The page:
Dissolution of a company
- John Deane
- Updated: Mon, 21st Nov 2016
There are broadly three ways to dissolve – i.e. terminate – a company. It can be:
- Put into liquidation by the shareholders; or
- Wound up by the court, or
- Struck off the register by Companies House, either at the request of the company itself, or for not filing its annual returns and accounts.
If the dissolution is in the context of a shareholder dispute, other issues arise which we deal with but which are not covered under this Insight.
Liquidation by shareholders
The shareholders (also called members) can, by a special resolution, appoint a liquidator and put the company into liquidation (a voluntary liquidation). The articles and or shareholders’ agreement may have replaced the need for a special resolution with other provisions. Unless the directors can make a statutory declaration that the company will pay all of its creditors and the costs of liquidation within 12 months, then the creditors have the right to appoint the liquidator (creditors’ voluntary liquidation). If the directors do make the statutory declaration, then the shareholders appoint the liquidator (members’ voluntary liquidation).
Winding up by the court
A company can be wound up by order of the court (compulsory liquidation), usually at the request of a creditor because it is not paying its debts, but sometimes for other reasons, for example it is in the public interest to wind it up. The first liquidator is the Official Receiver, but he will often be replaced by a liquidator appointed by the Official Receiver or by the creditors.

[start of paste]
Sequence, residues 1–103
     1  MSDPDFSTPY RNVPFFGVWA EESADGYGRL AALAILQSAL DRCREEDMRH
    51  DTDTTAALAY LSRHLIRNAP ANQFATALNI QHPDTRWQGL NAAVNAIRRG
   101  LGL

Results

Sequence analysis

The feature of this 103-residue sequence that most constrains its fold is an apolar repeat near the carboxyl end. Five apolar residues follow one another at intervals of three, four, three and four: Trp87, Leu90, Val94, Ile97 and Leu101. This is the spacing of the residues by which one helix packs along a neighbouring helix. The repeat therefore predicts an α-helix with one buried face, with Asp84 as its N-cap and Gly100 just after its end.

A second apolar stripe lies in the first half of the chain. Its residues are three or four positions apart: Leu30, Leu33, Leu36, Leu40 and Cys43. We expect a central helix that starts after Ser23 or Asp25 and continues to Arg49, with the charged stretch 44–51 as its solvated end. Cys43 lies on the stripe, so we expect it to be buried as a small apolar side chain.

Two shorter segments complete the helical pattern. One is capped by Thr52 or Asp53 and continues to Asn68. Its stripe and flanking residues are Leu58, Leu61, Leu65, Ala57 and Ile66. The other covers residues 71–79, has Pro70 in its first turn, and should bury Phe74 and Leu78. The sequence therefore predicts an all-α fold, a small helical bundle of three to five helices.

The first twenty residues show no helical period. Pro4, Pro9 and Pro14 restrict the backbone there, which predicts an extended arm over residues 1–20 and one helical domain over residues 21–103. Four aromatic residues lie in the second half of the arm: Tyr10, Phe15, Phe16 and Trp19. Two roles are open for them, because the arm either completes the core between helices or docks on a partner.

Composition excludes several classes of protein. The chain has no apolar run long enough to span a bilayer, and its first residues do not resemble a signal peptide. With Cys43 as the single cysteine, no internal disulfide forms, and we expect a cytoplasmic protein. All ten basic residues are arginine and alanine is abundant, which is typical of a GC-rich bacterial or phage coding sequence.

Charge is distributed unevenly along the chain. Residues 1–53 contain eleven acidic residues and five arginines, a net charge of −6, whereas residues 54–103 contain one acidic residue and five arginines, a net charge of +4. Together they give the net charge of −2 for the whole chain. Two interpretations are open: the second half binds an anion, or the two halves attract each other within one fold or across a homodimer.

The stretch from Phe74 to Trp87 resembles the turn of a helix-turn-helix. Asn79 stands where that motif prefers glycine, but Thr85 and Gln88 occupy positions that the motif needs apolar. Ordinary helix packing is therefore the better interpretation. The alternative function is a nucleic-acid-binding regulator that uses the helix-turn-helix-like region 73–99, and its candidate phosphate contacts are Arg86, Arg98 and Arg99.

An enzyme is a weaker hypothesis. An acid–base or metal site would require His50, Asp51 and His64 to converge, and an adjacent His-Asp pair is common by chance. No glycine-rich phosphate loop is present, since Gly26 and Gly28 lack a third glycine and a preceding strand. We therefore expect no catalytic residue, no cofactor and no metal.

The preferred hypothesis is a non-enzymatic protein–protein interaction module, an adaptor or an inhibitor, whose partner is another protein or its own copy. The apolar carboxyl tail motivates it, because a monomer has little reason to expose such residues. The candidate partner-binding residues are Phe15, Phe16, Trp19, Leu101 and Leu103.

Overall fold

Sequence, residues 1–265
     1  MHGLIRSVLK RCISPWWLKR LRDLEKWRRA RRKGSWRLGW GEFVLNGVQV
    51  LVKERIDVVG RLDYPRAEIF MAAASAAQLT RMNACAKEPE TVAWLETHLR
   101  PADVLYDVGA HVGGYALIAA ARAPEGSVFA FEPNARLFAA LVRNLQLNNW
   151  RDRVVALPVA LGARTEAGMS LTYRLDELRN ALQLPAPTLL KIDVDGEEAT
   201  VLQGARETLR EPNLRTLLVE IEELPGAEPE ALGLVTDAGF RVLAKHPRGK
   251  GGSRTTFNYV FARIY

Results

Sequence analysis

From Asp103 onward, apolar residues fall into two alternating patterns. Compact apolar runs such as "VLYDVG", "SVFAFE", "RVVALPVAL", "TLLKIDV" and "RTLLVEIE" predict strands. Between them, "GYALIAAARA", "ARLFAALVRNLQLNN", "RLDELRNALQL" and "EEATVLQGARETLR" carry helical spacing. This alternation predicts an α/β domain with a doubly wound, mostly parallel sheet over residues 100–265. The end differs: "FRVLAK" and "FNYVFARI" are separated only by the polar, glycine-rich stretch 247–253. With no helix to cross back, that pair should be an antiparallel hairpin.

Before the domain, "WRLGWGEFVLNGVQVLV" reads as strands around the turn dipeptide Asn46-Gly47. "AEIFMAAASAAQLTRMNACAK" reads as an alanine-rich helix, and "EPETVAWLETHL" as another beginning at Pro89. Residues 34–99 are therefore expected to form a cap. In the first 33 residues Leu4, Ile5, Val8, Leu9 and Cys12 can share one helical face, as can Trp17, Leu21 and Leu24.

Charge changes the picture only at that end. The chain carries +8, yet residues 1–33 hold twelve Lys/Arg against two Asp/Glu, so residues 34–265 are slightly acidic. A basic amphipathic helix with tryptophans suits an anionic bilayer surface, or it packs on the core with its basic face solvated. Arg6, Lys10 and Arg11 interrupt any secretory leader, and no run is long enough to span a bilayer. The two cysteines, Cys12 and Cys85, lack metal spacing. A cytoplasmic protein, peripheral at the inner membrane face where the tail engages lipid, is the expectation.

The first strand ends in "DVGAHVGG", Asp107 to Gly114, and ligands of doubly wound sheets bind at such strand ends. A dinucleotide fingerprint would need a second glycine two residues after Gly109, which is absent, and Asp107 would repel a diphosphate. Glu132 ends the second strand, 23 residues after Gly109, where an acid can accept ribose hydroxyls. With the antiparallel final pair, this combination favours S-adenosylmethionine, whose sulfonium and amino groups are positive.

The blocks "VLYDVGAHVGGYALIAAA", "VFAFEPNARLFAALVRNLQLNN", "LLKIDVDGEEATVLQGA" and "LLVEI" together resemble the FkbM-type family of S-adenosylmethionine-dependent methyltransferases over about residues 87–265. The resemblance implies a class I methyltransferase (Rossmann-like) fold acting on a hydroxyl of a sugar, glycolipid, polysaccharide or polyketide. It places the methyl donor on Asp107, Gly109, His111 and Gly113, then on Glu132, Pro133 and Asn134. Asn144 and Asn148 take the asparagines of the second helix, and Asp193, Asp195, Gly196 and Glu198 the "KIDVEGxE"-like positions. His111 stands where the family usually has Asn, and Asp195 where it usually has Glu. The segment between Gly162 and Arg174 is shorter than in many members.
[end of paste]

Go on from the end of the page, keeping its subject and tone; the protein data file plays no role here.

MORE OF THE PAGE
Role of the liquidator
Whether appointed through a voluntary or compulsory liquidation, the role of the liquidator is the same: to collect in and realise the company’s assets, investigate any potential wrongdoing by directors or anyone else, pay the creditors, and distribute any surplus to the shareholders.
Consequences of dissolution
When the liquidation is completed, the company is dissolved and it no longer exists. Any remaining assets belong to the Crown as bona vacantia.
Administrative striking off